This week you will begin a group paper that you will develop over the next few weeks. By Day 3 of this week, you will be placed in a collaborative group and provided with a work area for your group (See the Groups area below Week 11 in the left-hand navigation bar. If you do not see your team area by the end of Day 3, contact your Instructor.)
Before you begin to work with your group, read the information below describing the paper. Then join your group, introduce yourself, and begin work on selecting a topic.
· Within your group, select a topic relevant to interprofessional leadership and the health care field on which to focus your group paper. The following are some potential topics for your group to consider:
o Matrix organizations
o Accountable care organizations
o Horizontal and vertical organizations
o Role conflict and ambiguity
o Employee recruitment and selection
o Interpersonal relationships in the C-suite of organizations (the relationships between the CEO, CFO, and CNO)
o Resistance to change
o Succession planning
o Whistle blowing
o “Just” culture
o Team Stepps
· When your group has selected a topic, the group facilitator will submit the topic to the Instructor for approval on the Discussion Board in the Week 5 Group Project Topic Forum.
· Conduct research on your topic using the Walden Library and other credible sources.
As a group, write a 3- to 5 (page count does not include title and reference page) page paper that includes the following:
· Section 1: Introduction
· Section 2: Significance of the topic (based on literature that speaks to the relevancy of the concept selected in terms of interprofessional leadership)
· Section 3: Review of the literature related to the concept that the group selects (current best practices, positive or negative impact on leadership or health care organizations, etc.)
· Section 4: Application to nursing (e.g., implications or consequences for nursing leaders)
· Section 5: Conclusion
Marquis, B. L., & Huston, C. J. (2017). Leadership roles and management functions in nursing: Theory and application (9th ed.). Philadelphia, PA: Lippincott, Williams & Wilkins.
Chapter 19 covers many aspects of the communication process, including group communication. As you read this chapter, focus on the stages of group development (forming, storming, norming, performing) and group dynamics (group task roles, group building and maintenance roles, problematic roles). Consider how you can apply these concepts as you engage in group work.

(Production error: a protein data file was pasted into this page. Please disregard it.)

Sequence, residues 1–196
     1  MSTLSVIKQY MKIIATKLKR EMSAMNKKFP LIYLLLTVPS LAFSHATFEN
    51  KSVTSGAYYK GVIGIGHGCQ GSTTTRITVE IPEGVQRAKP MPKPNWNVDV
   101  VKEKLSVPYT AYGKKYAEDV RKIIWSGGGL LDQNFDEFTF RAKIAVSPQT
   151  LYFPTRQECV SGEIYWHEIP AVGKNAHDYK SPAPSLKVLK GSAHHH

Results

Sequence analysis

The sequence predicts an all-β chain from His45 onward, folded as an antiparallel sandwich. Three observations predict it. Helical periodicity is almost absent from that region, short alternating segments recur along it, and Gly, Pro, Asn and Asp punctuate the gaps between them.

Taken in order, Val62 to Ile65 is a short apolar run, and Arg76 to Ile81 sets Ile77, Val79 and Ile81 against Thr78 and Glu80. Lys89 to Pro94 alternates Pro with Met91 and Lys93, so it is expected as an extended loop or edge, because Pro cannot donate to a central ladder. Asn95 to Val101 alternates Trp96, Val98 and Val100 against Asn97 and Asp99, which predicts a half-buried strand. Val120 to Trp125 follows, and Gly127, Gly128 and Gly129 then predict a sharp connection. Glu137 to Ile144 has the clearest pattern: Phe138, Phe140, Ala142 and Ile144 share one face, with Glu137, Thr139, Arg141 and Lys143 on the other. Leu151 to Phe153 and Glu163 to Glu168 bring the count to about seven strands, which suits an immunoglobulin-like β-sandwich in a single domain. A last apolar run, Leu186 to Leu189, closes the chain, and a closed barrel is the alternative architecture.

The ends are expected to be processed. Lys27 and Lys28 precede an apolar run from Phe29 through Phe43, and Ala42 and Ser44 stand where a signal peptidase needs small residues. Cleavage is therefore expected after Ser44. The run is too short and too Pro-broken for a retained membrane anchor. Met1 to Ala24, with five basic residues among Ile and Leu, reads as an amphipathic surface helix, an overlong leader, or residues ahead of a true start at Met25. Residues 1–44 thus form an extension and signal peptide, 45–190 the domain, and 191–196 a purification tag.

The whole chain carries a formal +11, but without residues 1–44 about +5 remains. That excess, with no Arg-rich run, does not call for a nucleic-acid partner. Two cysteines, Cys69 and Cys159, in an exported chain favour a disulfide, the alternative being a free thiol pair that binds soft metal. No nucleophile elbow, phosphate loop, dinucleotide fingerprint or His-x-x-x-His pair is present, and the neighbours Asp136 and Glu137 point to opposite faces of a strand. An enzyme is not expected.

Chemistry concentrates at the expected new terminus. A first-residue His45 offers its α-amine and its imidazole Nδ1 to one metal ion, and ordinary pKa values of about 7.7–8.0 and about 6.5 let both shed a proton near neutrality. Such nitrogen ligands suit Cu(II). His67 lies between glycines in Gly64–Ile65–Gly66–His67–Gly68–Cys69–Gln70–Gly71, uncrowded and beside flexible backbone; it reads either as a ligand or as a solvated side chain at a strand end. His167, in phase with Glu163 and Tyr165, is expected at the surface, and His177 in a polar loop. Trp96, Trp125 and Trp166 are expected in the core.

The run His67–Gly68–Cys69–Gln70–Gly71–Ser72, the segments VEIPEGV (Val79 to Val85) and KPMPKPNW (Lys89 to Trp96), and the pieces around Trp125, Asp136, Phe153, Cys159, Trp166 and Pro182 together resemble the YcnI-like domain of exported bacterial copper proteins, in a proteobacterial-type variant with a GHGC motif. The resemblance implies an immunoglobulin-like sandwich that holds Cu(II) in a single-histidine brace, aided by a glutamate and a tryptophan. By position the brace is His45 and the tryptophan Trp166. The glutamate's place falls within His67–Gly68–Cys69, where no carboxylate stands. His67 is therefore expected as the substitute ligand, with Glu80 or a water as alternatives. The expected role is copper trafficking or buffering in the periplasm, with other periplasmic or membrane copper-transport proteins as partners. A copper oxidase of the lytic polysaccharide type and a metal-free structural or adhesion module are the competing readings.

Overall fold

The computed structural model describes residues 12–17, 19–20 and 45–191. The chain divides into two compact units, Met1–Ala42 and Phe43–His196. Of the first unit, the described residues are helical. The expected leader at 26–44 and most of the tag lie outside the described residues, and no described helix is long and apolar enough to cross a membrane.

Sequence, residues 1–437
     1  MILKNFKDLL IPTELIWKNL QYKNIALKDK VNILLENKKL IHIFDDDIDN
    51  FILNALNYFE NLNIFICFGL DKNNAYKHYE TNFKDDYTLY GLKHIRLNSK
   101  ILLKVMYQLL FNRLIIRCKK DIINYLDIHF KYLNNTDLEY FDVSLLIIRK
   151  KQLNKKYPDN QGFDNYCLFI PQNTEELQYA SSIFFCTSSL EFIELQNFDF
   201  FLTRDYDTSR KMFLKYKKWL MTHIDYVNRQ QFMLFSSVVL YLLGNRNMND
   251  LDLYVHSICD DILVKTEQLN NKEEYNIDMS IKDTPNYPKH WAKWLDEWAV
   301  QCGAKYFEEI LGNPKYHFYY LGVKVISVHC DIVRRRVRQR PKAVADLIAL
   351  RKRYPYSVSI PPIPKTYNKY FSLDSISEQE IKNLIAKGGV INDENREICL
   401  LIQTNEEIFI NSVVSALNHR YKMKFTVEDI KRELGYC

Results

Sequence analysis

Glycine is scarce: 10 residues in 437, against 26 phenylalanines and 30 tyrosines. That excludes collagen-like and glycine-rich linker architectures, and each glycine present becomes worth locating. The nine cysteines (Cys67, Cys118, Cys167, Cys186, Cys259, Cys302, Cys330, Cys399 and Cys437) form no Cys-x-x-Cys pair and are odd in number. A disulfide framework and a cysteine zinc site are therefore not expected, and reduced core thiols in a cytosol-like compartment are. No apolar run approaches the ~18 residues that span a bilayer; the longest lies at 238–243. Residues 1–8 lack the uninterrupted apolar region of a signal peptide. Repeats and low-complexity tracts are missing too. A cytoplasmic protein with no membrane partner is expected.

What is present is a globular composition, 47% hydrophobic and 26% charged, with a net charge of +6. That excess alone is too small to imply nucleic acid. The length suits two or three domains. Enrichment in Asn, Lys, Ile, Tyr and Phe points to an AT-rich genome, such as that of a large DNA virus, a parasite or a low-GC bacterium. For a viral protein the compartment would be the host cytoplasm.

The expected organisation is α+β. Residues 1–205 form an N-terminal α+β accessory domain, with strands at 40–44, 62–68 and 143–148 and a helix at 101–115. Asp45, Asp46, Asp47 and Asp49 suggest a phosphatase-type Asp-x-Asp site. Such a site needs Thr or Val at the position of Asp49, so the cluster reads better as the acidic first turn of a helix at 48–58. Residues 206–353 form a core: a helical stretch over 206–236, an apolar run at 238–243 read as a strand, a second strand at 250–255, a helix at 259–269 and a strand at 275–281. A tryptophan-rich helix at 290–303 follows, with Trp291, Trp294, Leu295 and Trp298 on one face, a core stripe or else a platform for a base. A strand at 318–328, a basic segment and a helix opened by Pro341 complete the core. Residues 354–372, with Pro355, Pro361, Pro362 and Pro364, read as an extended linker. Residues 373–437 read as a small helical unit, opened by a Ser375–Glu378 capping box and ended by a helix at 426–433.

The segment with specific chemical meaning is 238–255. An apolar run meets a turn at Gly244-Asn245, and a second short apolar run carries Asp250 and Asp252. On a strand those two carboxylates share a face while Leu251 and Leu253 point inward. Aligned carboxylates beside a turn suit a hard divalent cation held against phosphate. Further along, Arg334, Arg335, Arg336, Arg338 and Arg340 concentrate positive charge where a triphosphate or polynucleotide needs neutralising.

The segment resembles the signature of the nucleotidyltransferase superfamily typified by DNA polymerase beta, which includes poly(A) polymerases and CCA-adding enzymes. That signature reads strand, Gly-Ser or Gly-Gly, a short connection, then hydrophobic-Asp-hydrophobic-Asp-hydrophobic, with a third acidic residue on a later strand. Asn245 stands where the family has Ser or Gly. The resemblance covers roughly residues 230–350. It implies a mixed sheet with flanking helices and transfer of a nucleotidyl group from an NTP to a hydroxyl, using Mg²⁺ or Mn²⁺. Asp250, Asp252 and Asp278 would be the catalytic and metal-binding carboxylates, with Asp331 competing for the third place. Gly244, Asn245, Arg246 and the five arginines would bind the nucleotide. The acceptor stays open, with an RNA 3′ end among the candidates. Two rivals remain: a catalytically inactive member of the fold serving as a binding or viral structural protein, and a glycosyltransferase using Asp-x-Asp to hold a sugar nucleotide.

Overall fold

Adams, S. L., & Anantatmula, V. (2010). Social and behavioral influences on team process. Project Management Journal, 41(4), 89–98.
In this article, the authors report on the effects of individual behaviors on project teams and provide a model that identifies the progress of social and behavioral development. For each stage, the authors provide recommendations for managing team members.
Chun, J. S., & Choi, J. N. (2014). Members’ needs, intragroup conflict, and group performance. The Journal Of Applied Psychology, 99(3), 437–450. doi:10.1037/a0036363
This study theorizes and empirically investigates the relationships among the psychological needs of group members, intragroup conflict, and group performance.
Haynes, J., & Strickler, J. (2014). TeamSTEPPS makes strides for better communication. Nursing,44(1), 62–63. doi:10.1097/01.NURSE.0000438725.66087.89
Teamwork and communication are the focus of this article and include the use of the TeamStepps model for Quality Improvement.
Hogg, M. A., Van Knippenberg, D., & Rast, D. E., III. (2012). Intergroup leadership in organizations: Leading across group and organizational boundaries. Academy of Management Review, 37(2), 232–255.
The authors of this article introduce a theory on intergroup leadership that is based on social theory and intergroup relations. This theory purports that intergroup performance relies on a leader’s capacity to create intergroup relational identities.
Kaufman, B. (2012). Anatomy of dysfunctional working relationships. Business Strategy Series, 13(2), 102–106.
Kaufman examines the impact of dysfunctional working relationships in an organization. She provides managers with tips that will allow them to identify early warning signs of dysfunctional behavior and to minimize its effects in the workplace.